Mussolini himself had a hostile attitude toward women in general. Amidst economic crisis in 1930, he ordered women to leave their places of work and called them “thieves who reach out to steal men’s bread, and responsible for men’s unproductiveness. ” When a German journalist asked Mussolini about women’s suffrage he replied: “Women must obey. My notion of woman’s role in the state is utterly opposed to feminism. Of course, I do not want women to be slaves, but if I were to give women the vote, people would laugh me to scorn. Mussolini also initiated policy that aggressively restricted the rights of women in education. A decree issued in 1927 forbade women in high school from taking classes in literature and philosophy. A decree the following year resulted in the firing of female school directors. Lastly, a decree in 1933 pressured state bodies to impose limits against a rise in female workers in public offices. Another pillar of fascist Italy was their fierce pursuit of eugenics. Through cooperation with leaders of the Catholic Church, Mussolini championed the “incalculable eugenic value” of practicing Catholic sexual morals.

Chastity was the advocated form of birth control and the risk of illegitimate births were considered avoidable with the sacrament of marriage. The Church did not condemn eugenic aims. In fact, Catholic morals themselves were thought to be eugenic if properly adhered to. Sexually liberal culture was believed to be dangerous to the family structure. Propaganda was spread in order to stifle the growth of sexual freedom. Impressionable citizens were brainwashed into thinking poorly of those who chose to be sexually unrestrained rather than abstinent.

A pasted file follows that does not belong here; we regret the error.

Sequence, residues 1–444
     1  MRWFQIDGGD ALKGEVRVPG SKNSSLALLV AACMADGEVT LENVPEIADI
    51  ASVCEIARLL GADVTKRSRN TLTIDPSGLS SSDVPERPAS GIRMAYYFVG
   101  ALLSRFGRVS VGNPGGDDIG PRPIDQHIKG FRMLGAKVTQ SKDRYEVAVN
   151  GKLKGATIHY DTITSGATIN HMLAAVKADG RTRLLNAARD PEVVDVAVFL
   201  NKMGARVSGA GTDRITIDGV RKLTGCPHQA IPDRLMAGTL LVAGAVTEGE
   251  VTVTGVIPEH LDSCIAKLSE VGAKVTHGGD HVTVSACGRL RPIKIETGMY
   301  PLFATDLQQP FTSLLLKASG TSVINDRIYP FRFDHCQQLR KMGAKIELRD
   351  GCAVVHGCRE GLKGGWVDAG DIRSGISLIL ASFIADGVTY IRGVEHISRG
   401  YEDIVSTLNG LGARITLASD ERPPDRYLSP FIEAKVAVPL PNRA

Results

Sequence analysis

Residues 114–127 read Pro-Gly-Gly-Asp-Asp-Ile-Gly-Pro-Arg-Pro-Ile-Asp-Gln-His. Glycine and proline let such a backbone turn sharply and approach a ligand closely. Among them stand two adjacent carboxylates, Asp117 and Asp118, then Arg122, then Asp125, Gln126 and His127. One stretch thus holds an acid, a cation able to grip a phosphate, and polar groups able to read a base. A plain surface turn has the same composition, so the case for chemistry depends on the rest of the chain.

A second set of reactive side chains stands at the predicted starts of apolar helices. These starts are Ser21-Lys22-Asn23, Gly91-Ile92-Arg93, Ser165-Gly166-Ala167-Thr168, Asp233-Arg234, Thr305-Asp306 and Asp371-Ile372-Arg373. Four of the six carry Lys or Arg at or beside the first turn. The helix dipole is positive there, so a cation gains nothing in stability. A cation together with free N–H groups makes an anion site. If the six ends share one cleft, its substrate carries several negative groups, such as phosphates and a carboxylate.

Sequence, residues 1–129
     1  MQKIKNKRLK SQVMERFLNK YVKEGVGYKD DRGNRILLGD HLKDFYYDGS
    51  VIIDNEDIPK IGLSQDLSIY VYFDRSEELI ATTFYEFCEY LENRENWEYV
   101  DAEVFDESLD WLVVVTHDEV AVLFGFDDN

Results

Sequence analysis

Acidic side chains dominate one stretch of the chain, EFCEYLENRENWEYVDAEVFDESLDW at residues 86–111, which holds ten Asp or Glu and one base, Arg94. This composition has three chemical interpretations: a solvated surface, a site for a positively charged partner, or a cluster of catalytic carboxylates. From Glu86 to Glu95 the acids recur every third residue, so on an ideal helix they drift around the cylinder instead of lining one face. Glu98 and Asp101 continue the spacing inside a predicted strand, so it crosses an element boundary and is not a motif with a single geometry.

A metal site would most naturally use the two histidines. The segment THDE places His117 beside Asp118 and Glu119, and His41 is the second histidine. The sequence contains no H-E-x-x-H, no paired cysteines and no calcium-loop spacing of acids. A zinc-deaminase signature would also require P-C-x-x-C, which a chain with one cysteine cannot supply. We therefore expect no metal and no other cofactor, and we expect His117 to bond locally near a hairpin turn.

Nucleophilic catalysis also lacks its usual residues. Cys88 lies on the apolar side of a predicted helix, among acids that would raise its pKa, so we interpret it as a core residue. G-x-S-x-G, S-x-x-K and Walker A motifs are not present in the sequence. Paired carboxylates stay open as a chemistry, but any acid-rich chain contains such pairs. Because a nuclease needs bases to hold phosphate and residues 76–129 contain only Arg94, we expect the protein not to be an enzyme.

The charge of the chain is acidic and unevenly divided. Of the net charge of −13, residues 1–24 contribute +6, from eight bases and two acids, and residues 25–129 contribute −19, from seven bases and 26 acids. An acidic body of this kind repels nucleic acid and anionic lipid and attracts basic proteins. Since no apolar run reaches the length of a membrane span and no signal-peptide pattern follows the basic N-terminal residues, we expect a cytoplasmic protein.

The military received an incredibly disproportionate amount of funding even in dire domestic situations. Furthermore, positions in the military were always glamorized. In addition to strong the strong military, citizens held virtually no civil liberties. They were willing to overlook clear police abuse because they were of the interpretation that the problems were in the name of patriotism. Fascist governments are quick to identify enemies of the state and typically do scapegoat a group of people if there is a domestic problem.

Mussolini banned opposition parties and relentlessly fought for censorship of unfriendly press. He understood that ideas were dangerous to his authority and had to be silenced. An ultimate goal of Mussolini was to deny women a role in shaping their own lives. He believed that the independence of women was detrimental to the progress of the nation because the traditional family structure is the most important aspect of a moral and prosperous nation. Mussolini failed to understand that when individuals are free to make their own decisions regarding societal structure is when there is the highest potential for a success.

Bibliography

1. Koonz, Claudia. “The “Woman Question” in Authoritarian Regimes. ” In Becoming Visible: Women in European History, ed. Renate Bridenthal, Susan Mosher Stuard, and Merry E. Wiesner, 464-484. 3rd edition. Boston and New York, 1998 2. Halsall, Paul, “Modern History Sourcebook: Benito Mussolini: What is Fascism, 1932,” http://www. fordham. edu/halsall/mod/mussolini-fascism. asp Accessed April 19,2012 3. Boyanowski, Brett, “Fascism,” http://departments. kings. edu/history/20c/fascism. html Accessed April 19,2012